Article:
Our team help parents challenge an EHCP in London School
Our Education Solicitors were contacted to lodge and run an appeal for a secondary transfer placement following the Local Authority finalising the Education, Health and Care Plan (EHCP) in February 2019. The family’s son has a diagnosis of dyspraxia and they required legal advice and assistance on challenging the Local Authority’s decision not to place him in an Inner London specialist school.
The family were anxious as their son was attending a small mainstream primary school with small class sizes. However, he was still below his age related expectations and was behind his peers. The family was concerned that he was becoming increasingly isolated and was playing with children who were, in some cases, four to five years younger than him.
The family’s son had a full time teaching assistant at primary school, but were worried that he would be vulnerable and isolated in a large mainstream secondary placement.
The family required legal advice and assistance to appeal to the First Tier Special Educational Needs and Disability (SEN) Tribunal following the issuing of the final Education, Health and Care Plan (EHCP).
How we helped appeal the decision?
Following positive initial advice, our Education Solicitors were instructed to conduct the appeal to the First Tier Tribunal. We prepared grounds and instructed an appropriate independent specialist Educational Psychologist and Occupational Therapist to prepare reports.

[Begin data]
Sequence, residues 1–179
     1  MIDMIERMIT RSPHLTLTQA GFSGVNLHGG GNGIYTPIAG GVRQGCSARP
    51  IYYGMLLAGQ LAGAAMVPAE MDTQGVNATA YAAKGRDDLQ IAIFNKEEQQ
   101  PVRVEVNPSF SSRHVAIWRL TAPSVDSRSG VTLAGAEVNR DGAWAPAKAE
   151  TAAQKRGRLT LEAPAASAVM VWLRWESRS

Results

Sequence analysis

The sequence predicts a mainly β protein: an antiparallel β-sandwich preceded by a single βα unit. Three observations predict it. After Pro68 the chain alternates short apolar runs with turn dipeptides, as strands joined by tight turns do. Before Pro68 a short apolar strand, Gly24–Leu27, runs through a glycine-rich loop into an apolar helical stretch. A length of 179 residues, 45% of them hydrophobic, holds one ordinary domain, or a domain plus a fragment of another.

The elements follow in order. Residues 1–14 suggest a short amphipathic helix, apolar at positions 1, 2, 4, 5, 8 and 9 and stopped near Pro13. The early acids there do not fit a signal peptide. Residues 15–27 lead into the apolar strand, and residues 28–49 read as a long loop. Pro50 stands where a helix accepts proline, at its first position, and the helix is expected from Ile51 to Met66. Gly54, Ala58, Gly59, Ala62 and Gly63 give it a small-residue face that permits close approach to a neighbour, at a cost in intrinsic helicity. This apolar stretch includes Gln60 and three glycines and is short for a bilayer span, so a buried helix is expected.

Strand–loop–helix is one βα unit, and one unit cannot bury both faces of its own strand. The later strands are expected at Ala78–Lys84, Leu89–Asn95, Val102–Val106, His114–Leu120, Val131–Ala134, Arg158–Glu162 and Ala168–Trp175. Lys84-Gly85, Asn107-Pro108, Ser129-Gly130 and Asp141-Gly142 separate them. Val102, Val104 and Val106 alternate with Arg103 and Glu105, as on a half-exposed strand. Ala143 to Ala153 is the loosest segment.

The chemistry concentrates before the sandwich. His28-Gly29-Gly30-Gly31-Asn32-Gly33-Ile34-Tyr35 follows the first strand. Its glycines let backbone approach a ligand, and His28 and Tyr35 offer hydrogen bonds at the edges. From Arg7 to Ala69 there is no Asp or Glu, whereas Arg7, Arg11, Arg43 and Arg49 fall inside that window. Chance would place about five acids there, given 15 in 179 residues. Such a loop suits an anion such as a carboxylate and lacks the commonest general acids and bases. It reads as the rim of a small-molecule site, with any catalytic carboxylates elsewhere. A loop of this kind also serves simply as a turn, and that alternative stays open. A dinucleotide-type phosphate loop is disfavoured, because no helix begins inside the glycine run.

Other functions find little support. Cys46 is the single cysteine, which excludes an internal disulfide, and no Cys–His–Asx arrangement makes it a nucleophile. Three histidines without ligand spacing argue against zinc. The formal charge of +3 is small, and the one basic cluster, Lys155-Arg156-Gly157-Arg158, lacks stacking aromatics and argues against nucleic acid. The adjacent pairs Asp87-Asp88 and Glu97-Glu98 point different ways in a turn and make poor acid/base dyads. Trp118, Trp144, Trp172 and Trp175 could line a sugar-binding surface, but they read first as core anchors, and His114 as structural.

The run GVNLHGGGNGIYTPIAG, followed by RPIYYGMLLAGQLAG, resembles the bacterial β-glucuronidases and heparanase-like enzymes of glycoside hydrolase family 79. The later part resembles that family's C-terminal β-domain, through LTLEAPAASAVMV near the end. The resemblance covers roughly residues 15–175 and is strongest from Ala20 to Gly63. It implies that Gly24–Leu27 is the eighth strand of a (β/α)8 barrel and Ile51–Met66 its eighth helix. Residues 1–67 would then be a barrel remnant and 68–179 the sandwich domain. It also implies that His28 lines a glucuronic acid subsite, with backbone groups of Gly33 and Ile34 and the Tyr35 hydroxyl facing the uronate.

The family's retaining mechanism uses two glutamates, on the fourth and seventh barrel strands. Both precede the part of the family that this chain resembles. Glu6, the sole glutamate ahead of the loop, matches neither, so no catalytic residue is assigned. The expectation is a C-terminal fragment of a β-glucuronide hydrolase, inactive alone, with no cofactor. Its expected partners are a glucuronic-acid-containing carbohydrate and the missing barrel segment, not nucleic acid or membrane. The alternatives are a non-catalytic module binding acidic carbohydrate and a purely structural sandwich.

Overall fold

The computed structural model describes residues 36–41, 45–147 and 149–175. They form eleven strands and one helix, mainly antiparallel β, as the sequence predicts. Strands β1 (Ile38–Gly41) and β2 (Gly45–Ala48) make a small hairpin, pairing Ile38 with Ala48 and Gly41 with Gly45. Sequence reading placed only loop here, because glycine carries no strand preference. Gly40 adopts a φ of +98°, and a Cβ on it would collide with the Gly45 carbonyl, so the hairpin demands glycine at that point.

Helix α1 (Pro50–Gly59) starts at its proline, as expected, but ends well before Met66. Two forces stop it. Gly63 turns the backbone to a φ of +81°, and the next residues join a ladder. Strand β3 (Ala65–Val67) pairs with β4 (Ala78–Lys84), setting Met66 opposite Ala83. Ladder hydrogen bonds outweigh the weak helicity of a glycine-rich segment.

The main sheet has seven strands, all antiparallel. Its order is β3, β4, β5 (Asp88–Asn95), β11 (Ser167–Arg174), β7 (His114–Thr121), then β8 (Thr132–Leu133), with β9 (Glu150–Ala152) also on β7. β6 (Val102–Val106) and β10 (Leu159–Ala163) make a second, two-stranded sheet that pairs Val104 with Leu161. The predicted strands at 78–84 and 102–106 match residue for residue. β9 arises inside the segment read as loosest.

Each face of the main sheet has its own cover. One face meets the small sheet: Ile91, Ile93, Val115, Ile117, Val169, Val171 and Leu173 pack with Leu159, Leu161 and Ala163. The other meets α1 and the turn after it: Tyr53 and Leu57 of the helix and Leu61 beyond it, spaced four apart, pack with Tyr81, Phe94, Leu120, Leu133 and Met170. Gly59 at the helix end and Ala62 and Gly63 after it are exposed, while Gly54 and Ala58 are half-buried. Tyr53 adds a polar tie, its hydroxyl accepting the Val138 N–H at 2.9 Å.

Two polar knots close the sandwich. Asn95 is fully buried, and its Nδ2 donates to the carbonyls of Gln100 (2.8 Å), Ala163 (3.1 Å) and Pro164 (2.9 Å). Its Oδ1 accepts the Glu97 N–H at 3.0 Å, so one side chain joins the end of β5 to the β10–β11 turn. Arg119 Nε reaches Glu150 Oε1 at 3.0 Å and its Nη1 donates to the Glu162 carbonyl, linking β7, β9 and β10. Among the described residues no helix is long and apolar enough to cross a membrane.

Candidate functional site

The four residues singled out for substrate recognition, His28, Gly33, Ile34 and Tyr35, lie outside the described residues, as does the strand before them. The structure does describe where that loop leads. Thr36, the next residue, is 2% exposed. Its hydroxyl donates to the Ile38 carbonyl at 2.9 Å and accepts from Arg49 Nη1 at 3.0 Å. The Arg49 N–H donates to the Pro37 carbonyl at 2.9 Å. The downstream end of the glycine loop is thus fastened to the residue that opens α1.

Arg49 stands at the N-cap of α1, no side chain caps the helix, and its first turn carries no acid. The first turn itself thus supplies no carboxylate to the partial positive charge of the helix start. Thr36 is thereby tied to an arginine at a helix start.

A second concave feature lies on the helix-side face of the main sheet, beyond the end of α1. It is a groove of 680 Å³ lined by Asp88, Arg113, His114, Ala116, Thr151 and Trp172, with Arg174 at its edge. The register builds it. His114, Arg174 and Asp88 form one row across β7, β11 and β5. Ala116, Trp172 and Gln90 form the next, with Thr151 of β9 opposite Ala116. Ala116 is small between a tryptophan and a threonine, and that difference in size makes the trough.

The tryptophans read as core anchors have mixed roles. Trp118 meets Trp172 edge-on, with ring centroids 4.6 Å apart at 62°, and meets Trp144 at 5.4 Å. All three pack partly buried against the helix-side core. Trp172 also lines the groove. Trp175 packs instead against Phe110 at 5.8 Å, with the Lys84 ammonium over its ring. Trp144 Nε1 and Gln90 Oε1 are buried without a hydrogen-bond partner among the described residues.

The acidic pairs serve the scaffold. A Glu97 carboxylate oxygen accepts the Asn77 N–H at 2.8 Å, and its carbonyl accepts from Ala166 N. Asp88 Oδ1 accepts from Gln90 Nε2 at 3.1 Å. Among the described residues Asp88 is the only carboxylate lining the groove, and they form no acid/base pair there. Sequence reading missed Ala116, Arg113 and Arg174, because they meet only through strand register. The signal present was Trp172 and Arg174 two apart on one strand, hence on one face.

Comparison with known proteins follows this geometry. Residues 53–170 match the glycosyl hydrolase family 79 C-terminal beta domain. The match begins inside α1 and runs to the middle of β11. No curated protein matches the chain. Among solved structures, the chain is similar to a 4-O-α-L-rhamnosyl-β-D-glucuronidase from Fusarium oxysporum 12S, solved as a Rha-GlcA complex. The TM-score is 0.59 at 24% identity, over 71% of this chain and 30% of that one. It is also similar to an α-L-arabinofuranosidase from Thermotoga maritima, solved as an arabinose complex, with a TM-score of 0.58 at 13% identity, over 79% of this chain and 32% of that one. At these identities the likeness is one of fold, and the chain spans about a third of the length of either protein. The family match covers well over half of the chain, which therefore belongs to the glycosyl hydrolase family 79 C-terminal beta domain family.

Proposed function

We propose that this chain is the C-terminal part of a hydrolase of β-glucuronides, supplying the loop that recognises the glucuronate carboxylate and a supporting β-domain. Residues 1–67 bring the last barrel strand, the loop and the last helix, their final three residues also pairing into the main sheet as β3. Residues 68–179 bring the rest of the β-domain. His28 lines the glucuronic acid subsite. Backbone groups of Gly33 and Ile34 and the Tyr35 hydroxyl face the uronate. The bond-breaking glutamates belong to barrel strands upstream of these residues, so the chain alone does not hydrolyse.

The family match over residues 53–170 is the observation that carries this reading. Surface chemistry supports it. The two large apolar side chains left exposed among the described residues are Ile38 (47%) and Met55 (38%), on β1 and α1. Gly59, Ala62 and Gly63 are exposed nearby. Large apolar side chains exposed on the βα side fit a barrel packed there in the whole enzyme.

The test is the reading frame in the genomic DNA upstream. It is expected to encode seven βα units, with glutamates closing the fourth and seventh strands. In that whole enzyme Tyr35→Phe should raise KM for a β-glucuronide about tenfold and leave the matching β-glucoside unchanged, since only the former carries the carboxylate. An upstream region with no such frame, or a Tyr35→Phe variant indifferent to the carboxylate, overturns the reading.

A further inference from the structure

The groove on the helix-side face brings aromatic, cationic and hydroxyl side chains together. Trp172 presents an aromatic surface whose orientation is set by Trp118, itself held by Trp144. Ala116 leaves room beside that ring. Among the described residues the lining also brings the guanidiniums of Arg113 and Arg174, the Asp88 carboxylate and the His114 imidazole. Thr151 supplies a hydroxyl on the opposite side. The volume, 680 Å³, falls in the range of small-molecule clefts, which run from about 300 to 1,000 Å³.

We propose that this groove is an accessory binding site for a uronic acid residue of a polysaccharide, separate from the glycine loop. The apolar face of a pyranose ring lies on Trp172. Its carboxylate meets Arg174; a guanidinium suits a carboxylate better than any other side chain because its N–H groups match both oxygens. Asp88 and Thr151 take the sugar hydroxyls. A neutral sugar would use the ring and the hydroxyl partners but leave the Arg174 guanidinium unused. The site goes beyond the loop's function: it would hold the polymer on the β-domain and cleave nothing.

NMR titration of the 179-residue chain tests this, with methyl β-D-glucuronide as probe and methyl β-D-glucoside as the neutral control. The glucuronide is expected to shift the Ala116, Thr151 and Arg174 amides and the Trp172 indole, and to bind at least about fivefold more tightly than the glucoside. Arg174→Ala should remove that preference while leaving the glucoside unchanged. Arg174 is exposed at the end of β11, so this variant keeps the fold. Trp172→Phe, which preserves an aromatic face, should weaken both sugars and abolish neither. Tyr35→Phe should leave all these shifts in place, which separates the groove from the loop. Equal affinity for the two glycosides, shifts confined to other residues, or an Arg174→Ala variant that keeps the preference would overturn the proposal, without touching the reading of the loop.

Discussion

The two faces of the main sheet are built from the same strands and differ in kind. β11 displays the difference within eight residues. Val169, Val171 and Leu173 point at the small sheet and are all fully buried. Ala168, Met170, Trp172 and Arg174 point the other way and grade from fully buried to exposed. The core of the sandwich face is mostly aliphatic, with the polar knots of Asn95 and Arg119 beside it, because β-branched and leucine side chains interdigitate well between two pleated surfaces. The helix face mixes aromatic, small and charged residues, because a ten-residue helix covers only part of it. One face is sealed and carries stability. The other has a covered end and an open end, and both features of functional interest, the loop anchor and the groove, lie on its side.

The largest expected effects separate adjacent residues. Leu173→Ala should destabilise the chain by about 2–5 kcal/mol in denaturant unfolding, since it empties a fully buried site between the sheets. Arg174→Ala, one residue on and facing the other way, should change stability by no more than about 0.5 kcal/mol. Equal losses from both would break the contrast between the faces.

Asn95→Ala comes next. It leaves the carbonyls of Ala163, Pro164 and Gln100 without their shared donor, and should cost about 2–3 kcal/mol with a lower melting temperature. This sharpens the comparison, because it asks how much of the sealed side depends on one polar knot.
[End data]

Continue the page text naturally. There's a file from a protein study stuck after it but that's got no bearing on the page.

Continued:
The clients believed that their son’s primary issue was around sensory needs which could not be met in a large, mainstream secondary placement. Further, they believed that he would not have a suitable cohort or peer group which would enable him to thrive and the gap between his peers would continue to grow.
The Local Authority’s position remained that the local academy was suitable and could meet his needs, and this was supported by their in-house expert reports.
However on the day of the hearing, the Local Authority, following a pressure from and continued negotiations with our Education Solicitors, agreed to place the client’s son in the independent specialist placement. This was understanding that the parents would agree to transport their son to and from the school, which was something that they had in any event always made clear to the Local Authority that they were prepared to do.
What was the outcome for the child?
The Local Authority named our client’s preferred school in section I of his EHCP. They also agreed to significantly amend sections B and F of the EHCP, agreeing with our expert reports as to the provision that was required.
The First Tier Special Educational Needs and Disability (SEN) Tribunal agreed to issue a Consent Order on the day of the hearing. With a favourable outcome, albeit at the last minute the need for the hearing fell away. Our client’s son will now start secondary school in his parents’ preferred placement in September 2019.
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